How we spend our days is, of course, how we spend our lives.  Anne Dilliard 
Fibonacci SequencePhi Golden Ratio or Golden Mean RatioThe Phi Golden Ratio or Golden Mean Ratio was first published by Fibonacci, apparently as a simple exercise without realizing its far reaching implications in nature. Fibonacci's example was: A pair of rabbits are put in a field and if rabbits take a month to become mature, then produce a new pair every month after that, how many pairs will there be in twelve months time? The answer to this riddle is the famous Fibonacci Sequence, which represents the number of rabbits each month. It looks like this: 1, 1, 2, 3, 5, 8, 13, 21, 34, 55, 89, 144, 233, 377, 610, 987, etc. Starting with 1, 1, the next value is simply the addition of the two previous values. This series of values wasn't known as Fibonancci Series until a French matematician, Edouard Lucas (18421891), found many more applications for the series.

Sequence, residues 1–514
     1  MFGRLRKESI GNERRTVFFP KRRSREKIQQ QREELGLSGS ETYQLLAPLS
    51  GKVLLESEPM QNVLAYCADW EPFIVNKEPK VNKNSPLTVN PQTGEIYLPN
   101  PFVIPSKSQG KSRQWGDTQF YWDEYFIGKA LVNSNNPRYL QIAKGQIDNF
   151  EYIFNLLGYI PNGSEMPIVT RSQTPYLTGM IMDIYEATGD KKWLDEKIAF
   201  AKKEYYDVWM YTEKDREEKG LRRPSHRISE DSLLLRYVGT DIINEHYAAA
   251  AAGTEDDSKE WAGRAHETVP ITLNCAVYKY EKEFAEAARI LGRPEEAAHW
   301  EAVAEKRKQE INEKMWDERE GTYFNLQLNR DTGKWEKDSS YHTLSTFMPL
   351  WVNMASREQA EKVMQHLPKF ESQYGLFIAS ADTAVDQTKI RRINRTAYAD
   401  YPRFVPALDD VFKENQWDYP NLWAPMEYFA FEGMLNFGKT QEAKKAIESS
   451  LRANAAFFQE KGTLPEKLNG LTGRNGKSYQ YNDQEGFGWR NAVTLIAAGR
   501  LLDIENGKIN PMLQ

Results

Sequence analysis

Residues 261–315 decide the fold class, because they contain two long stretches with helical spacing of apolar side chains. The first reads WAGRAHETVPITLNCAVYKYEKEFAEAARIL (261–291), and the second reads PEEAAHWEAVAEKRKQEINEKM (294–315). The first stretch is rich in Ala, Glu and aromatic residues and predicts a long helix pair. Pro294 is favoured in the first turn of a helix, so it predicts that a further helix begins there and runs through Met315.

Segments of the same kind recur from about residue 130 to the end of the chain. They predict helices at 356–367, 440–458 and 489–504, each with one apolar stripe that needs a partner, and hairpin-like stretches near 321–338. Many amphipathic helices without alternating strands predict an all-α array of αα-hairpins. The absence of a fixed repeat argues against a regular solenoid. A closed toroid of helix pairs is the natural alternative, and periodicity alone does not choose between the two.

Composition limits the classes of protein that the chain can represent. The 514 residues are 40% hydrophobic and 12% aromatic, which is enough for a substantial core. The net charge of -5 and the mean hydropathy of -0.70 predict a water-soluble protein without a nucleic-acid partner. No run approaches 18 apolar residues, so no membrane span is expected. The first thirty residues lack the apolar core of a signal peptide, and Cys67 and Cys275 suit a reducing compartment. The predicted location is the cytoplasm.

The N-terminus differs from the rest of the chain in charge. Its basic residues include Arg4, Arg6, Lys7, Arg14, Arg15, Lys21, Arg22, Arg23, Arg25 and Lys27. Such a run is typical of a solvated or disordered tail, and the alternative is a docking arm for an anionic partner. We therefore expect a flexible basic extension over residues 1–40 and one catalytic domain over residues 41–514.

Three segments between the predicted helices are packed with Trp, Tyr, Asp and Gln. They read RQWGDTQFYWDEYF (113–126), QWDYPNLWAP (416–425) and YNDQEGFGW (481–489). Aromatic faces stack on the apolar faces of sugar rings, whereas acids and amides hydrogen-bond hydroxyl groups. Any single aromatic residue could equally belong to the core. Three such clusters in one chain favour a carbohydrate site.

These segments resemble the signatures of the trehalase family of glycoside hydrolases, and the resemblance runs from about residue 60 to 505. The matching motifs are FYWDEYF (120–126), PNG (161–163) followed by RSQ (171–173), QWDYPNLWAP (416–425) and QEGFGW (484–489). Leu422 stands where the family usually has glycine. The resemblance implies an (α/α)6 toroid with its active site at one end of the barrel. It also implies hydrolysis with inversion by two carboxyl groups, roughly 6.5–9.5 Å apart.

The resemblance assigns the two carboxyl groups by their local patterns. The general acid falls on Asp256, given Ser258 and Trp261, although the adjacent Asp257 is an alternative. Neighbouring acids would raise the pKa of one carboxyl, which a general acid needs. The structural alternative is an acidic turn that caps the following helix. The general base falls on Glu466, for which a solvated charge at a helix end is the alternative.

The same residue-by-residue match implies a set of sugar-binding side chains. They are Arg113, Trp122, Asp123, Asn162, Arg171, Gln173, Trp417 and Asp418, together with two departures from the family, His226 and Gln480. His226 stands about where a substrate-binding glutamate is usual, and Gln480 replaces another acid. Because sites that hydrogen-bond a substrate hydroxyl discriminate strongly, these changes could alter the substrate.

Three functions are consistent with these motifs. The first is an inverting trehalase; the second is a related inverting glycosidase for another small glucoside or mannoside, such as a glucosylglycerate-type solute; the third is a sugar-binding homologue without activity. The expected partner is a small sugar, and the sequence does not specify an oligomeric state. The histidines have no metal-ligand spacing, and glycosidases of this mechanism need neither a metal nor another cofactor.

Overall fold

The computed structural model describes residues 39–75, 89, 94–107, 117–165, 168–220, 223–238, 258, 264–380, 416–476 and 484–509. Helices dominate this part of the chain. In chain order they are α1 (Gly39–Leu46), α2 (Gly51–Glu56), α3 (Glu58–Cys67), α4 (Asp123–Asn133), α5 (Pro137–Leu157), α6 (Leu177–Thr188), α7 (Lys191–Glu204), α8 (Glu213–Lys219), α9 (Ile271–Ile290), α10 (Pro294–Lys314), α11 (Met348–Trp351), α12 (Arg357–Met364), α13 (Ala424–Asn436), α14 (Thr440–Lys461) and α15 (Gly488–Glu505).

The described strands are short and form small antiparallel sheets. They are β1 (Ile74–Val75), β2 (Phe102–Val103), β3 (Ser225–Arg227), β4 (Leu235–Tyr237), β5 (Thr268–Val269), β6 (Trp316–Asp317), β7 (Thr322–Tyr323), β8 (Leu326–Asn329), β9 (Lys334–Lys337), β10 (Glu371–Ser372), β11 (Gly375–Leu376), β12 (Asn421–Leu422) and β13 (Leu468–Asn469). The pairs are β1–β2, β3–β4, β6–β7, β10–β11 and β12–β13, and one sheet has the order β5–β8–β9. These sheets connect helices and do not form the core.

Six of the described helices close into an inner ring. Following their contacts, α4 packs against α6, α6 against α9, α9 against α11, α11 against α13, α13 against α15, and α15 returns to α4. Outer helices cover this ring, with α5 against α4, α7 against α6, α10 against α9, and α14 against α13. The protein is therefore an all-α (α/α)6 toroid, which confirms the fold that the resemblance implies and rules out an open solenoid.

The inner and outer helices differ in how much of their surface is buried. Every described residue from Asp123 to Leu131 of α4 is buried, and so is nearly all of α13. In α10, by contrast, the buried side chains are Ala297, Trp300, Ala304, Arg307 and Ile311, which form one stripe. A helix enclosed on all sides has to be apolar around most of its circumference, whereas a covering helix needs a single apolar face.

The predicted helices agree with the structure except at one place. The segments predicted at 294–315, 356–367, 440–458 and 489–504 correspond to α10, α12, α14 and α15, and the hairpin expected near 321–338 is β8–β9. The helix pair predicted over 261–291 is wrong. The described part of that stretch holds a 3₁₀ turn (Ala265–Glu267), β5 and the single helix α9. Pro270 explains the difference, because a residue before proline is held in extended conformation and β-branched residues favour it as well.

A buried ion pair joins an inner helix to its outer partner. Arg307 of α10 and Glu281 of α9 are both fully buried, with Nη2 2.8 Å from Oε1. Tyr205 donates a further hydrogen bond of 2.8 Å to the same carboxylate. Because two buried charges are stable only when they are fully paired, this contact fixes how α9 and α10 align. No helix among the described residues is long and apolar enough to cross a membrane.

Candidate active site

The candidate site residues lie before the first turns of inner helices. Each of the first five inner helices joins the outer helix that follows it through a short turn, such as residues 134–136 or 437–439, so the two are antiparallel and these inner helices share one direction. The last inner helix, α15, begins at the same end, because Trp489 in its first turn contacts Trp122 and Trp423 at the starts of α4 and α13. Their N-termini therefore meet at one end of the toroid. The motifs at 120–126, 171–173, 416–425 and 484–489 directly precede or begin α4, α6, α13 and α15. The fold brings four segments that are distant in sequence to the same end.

Fibonacci Sequence in NatureFibonacci's example problem has a wide variety of applications in nature since it illustrates the growth pattern of many species including trees, seeds, honeybee genetics, etc.
Optimal Packing with the Fibonacci SeriesOne of the places that the Fibonacci Series shows up routinely in nature is in the growth of seeds on pine cones and some flowers. The number of seeds in each row is increased by the Fibonacci series. This series allows for optimal packing of seeds in a spiral manner. New seeds on a sunflower are only formed at the very center. Yet, when you see a fully grown sunflower, you'll notice that it has hundreds of seeds that are all evenly spaced throughout the face. Look closely and you can see the spiral of seeds. You'll notice the same in the daisy. The magic of seed and plants growing like this comes from the magic in the Fibonacci series and Phi golden mean.
FlowersMany flowers and plants will have some Fibonacci number of pedals or leaves. For example:
Examples of the Fibonacci Sequence in the Real World


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